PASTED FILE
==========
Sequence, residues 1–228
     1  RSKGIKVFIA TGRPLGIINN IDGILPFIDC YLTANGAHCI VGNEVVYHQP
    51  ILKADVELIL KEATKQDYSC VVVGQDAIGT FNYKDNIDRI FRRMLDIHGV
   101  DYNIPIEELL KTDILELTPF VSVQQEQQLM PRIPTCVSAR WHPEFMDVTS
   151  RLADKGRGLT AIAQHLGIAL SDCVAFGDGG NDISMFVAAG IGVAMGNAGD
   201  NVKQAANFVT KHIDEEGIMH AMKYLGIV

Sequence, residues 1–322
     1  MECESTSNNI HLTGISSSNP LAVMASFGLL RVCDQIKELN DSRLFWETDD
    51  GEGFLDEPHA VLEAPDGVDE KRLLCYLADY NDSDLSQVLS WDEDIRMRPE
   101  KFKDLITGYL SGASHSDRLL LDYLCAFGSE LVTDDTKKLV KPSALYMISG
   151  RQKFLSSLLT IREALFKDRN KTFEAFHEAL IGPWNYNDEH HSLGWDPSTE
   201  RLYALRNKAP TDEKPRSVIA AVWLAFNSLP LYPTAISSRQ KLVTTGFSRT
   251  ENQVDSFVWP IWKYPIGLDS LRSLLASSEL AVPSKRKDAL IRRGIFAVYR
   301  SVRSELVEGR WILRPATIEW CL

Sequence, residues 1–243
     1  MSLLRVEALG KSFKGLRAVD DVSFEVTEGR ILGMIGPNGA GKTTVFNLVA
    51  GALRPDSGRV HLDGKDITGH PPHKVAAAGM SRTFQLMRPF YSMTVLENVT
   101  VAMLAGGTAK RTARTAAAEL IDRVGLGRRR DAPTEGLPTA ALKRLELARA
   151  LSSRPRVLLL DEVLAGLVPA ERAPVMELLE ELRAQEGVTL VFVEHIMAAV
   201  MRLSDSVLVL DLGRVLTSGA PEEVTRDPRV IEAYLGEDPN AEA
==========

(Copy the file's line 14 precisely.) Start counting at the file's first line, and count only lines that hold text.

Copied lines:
   301  SVRSELVEGR WILRPATIEW CL